Tibetan leadership congratulates Taiwan’s president-elect Lai

By Tsering Choephel

DHARAMSALA, 16 Jan: His Holiness the Dalai Lama on Sunday offered his congratulations to Mr Lai Ching-te, the Taiwanese President-Elect for his victory and wished him “success in meeting the challenges that lie ahead.” 

Taiwan’s highly anticipated 2024 general election ended on Saturday with the Democratic Progressive Party’s (DPP) candidate Lai Ching-te winning the unprecedented third consecutive victory for the party. He is to replace the two-time president Tsai In-wen in May.

The Dalai Lama in his missive noted that “observing the exercise of democracy, as has just taken place in Taiwan, is a source of encouragement for all of us who aspire to live in freedom and dignity.”

Rated as one of the freest countries in the world by the 2023 Human Freedom Index and its robust practices of liberal democratic system considered exemplary, Taiwan however faces surmounting pressure and threats from the Chinese Communist Party (CCP) ruled China. China’s President Xi Jinping has declared multiple times that Taiwan’s unification with mainland China is inevitable, with the use of ‘force’ not ruled out to achieve the goal.

Beijing claims Taiwan as a part of it while the democratically self-ruled island sees itself as distinct from mainland China. Surveys, as reported in several outlets, show that the vast majority of Taiwanese oppose CCP’s reunification threat and support the current status of de-facto independent Taiwan.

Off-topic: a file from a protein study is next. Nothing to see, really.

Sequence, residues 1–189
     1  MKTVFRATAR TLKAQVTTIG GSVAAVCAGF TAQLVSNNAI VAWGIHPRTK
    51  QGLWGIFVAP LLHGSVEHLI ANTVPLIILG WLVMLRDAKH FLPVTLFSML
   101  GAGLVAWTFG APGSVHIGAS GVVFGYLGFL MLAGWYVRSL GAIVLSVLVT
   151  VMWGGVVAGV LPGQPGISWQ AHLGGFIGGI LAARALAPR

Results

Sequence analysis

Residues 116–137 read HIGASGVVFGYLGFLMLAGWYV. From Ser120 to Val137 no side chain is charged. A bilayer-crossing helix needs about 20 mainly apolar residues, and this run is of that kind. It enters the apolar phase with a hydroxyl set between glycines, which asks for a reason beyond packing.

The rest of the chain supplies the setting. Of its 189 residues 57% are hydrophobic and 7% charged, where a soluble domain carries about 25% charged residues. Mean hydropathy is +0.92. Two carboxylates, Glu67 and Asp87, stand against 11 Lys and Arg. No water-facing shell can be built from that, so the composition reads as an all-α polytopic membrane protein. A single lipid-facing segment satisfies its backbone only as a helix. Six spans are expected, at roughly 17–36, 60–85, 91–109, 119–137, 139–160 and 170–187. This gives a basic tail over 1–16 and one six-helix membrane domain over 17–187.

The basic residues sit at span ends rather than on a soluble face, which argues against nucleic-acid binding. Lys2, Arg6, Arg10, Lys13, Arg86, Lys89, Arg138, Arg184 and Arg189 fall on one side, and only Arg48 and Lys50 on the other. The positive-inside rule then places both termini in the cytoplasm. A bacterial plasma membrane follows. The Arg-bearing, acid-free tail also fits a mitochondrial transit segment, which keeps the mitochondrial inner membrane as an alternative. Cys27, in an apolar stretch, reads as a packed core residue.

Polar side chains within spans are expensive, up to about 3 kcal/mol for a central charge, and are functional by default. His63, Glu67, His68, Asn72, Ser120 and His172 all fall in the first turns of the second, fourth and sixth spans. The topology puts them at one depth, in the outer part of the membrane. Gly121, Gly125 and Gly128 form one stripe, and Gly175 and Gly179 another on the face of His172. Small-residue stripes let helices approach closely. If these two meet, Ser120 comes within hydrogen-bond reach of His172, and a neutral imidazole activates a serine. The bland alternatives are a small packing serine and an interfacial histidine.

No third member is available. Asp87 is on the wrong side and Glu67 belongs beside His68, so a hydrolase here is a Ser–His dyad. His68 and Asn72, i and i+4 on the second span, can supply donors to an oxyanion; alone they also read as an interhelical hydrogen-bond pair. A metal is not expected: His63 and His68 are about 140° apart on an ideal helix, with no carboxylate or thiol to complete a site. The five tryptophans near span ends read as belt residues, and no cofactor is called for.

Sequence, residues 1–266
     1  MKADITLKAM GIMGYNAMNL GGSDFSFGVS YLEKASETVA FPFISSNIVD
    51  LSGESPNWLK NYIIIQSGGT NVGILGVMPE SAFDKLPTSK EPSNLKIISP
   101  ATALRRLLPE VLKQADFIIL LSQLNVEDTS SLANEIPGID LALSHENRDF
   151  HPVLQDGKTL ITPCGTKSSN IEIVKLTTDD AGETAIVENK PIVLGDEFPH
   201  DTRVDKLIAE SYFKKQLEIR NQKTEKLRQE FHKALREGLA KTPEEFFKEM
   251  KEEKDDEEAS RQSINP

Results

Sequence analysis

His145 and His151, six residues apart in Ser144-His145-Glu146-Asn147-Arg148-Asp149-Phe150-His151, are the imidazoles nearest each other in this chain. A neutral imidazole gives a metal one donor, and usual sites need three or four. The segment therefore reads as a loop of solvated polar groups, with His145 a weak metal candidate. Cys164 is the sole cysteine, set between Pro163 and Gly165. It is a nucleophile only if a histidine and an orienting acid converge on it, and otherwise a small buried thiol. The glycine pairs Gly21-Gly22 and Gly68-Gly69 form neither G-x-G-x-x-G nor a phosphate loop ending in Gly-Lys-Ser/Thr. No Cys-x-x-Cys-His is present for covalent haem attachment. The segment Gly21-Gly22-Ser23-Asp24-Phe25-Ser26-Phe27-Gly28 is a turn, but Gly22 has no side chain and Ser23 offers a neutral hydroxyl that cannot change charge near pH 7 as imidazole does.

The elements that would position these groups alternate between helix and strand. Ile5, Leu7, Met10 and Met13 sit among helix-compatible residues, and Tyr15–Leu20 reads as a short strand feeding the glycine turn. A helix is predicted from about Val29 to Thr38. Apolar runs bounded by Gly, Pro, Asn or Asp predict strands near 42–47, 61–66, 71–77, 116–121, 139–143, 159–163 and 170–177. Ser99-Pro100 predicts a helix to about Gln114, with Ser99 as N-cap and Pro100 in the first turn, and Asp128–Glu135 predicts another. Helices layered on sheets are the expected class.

The Dalai Lama, as a strong believer and proponent of peace and dialogue for world peace said “Good relations between Taiwan and the People’s Republic of China are of utmost importance. It is my longstanding conviction that engaging in dialogue is the best way to resolve difficult issues, whether on a local, national or international level.”

In a post on X, formerly Twitter, Sikyong(President) Penpa Tsering, the political head of the exiled Tibetans extended his congratulations to Lai. “As a democracy in exile, Tibetans profoundly admire the spirit of self-determination exemplified by the people of Taiwan.” 

Deputy Speaker of the Tibetan Parliament-in-Exile (TPiE), Dolma Tsering Teykhang also congratulated the President-elect Lai.  Declaring CTA and the TPiE as legitimate representatives and the voices of Tibet, she said “We have worked closely with the Taiwan Democratic Foundation to learn from each other on our shared interest and we hope to further strengthen our ties through enhancing people-to-people connections in future.”

The world leaders, including US Secretary of State Antony Blinken, Philippine President Ferdinand Marcos, UK’s foreign secretary David Cameroon and others welcomed the victory of Taiwanese president-elect William Lai, who Beijing has labelled as a ‘dangerous separatist’. As usual, Beijing hit back, calling it “gross interference in China’s internal affairs.”

To Beijing’s delight, Naura – a tiny island country reportedly announced on Monday that it was severing ties with Taiwan and establishing them with Beijing. That leaves Taiwan with just 12 nations around the world that formally recognise it. 

Yet, the significance of Taiwan as a democratic sovereign country has gained momentum in recent years, with escalating threats from authoritarian China and mounting support from the US-led free world.

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